I want to ramble a bit on the Lectionary and then pose a question I hope our readers can answer. I have not done this in a while (for the last times I can recall, see here and here), but I have started serving as a lector again, and this leads me to read the text much more closely than usual. I was a lector this past Sunday (July 8), and I was assigned the second reading: 2 Cor 12:7-10. As soon as I started to prepare the reading, I was thrown by the first line:
Brothers and sisters:
That I, Paul, might not become too elated,
because of the abundance of the revelations,
a thorn in the flesh was given to me, an angel of Satan,
to beat me, to keep me from being too elated.
“Elated?” I thought to myself, “that does not sound right.” So I went off and checked another version. I use an evangelical website (Biblegateway.com) that links to a bunch of different translations. The NIV is my default version there. It has a somewhat different word order, but the key word here is “conceited”:
Therefore, in order to keep me from becoming conceited, I was given a thorn in my flesh, a messenger of Satan, to torment me.
“Conceited” sounded right, but to make sure, I turned to the New Jerusalem Bible, which has been my favorite translation for 20+ years:
Wherefore, so that I should not get above myself, I was given a thorn in the flesh, a messenger from Satan to batter me and prevent me from getting above myself.
So now we have “get above myself” which sounds much more like “conceited” than “elated.” So I started flipping through other versions. Turning to the venerable Revised Standard Version, I found almost exactly the same translation as in the Lectionary:
And to keep me from being too elated by the abundance of revelations, a thorn was given me in the flesh, a messenger of Satan, to harass me, to keep me from being too elated.
Again, “elated.” But the King James Version, from which the RSV is descended, has “exalted”:
And lest I should be exalted above measure through the abundance of the revelations, there was given to me a thorn in the flesh, the messenger of Satan to buffet me, lest I should be exalted above measure.
And lest the greatness of the revelations should exalt me, there was given me a sting of my flesh, an angel of Satan, to buffet me.
My curiosity was piqued: what is going on? Young’s literal translation gives some clue as to what the Textus Receptus says and here again the word is “exalted overmuch”:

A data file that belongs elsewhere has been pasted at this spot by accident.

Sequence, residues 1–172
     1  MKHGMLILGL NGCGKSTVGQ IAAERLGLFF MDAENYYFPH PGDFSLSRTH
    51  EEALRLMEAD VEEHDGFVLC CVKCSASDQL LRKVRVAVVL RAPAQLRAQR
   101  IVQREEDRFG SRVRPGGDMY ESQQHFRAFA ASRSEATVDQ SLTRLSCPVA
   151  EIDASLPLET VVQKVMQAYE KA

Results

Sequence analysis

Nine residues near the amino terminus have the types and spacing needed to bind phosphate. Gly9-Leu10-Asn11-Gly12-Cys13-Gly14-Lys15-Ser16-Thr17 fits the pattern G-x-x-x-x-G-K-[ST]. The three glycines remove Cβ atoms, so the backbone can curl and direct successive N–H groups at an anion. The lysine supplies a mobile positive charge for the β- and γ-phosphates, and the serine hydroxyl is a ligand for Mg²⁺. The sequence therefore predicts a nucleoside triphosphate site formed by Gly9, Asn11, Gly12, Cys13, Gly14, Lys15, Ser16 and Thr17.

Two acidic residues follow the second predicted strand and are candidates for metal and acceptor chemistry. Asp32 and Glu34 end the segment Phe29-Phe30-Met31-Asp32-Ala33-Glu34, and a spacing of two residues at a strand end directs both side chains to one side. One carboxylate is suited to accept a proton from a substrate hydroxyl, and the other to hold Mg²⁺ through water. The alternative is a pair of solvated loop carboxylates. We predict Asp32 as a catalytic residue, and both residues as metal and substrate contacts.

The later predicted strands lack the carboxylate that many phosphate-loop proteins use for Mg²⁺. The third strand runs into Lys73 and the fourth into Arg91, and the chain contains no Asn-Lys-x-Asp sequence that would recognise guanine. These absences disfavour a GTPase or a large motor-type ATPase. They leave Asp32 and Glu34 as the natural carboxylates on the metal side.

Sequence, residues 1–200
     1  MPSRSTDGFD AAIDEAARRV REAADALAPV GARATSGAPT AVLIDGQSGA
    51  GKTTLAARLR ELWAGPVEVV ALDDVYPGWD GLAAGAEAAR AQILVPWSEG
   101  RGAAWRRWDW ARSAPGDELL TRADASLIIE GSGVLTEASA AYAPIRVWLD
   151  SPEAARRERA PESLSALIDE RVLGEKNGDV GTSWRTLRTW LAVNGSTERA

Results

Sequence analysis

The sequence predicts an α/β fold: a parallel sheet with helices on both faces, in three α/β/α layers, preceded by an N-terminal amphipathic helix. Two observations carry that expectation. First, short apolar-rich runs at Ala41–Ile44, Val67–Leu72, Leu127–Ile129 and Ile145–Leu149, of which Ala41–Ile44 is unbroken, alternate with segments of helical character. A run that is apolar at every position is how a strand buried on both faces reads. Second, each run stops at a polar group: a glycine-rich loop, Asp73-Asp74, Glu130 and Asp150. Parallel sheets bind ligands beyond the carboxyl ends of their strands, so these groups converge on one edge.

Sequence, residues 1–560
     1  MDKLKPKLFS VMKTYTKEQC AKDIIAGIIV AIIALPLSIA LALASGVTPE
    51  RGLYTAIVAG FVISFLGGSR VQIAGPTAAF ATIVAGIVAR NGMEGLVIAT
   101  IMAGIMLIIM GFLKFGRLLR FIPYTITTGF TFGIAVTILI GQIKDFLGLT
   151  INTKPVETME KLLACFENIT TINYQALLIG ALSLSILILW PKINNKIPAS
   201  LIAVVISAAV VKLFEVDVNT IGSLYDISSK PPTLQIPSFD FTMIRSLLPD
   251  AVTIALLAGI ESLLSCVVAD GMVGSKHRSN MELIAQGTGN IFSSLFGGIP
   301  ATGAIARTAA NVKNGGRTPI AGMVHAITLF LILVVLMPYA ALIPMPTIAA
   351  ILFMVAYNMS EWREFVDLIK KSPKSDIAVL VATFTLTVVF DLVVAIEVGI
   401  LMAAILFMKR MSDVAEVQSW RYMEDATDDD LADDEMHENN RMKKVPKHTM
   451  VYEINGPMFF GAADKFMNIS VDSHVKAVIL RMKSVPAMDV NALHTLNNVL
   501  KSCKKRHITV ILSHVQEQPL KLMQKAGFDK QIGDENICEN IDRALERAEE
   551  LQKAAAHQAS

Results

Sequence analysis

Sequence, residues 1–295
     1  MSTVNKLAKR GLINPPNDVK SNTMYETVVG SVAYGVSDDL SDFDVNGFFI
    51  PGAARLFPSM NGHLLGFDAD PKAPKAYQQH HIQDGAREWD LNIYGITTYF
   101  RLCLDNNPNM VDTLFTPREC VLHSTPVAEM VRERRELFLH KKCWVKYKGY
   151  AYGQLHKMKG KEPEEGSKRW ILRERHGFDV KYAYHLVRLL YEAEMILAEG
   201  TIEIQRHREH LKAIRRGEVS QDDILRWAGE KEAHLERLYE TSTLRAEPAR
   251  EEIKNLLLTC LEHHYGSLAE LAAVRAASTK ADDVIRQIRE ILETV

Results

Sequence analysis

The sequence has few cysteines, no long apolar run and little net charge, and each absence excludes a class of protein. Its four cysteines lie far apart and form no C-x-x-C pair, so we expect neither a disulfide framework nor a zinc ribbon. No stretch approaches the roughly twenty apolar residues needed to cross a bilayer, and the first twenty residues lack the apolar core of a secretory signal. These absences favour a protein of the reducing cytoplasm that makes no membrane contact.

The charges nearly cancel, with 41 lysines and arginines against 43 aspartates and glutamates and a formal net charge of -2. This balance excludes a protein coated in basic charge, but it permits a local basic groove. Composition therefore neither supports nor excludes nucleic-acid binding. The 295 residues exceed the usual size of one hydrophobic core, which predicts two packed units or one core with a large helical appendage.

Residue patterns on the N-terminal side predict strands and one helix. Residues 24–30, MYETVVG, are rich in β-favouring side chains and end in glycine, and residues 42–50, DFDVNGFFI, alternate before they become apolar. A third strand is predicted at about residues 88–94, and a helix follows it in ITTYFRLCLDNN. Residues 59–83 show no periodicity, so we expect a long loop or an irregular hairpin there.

and that by the exceeding greatness of the revelations I might not be exalted overmuch, there was given to me a thorn in the flesh, a messenger of the Adversary, that he might buffet me, that I might not be exalted overmuch.
At this point I had to figure out what was going on in the original Greek. Turning to another evangelical site I use (The Blue Letter Bible), I looked up the Greek text. The underlying Greek word is “ὑπεραίρω”, or in Latin characters, “hyperairō“. Using the handy links, I learned that Strong’s Concordance defines this word by
to raise oneself over, i.e. (figuratively) to become haughty:—exalt self, be exalted above measure.
Thayer’s Greek Lexicon gives much the same meaning:
to lift oneself up, be exalted, be haughty.
Now both of these reference works are from the nineteenth century, so it is possible that our understanding of Greek has developed sufficiently that the underlying word translated as “exalted” could more naturally be rendered “elated”. But I could not find a modern biblical concordance online, and I do not speak classical Greek, so I cannot use a professional tool like the online version of the Liddell-Scott Greek dictionary. (Alas, my son Francisco the classicist has avoided taking Greek in favor of more Latin.)
So I am sharing this in the hopes that one of our readers can answer my question: what is going on in the Lectionary (presumably from the NAB) and the RSV that this word gets translated as “elated”? To me it does not really seem to fit in the context, though while poking around I found one blogger who did interpret the passage using “elated” over “exalted” (as well as list a couple more translations that use “elated”). I am aware that the NAB has been criticized for adopting readings with dubious textual support, but the RSV is generally considered to be a very good translation (and “elated” survived into the the NRSV). So, what is going on here?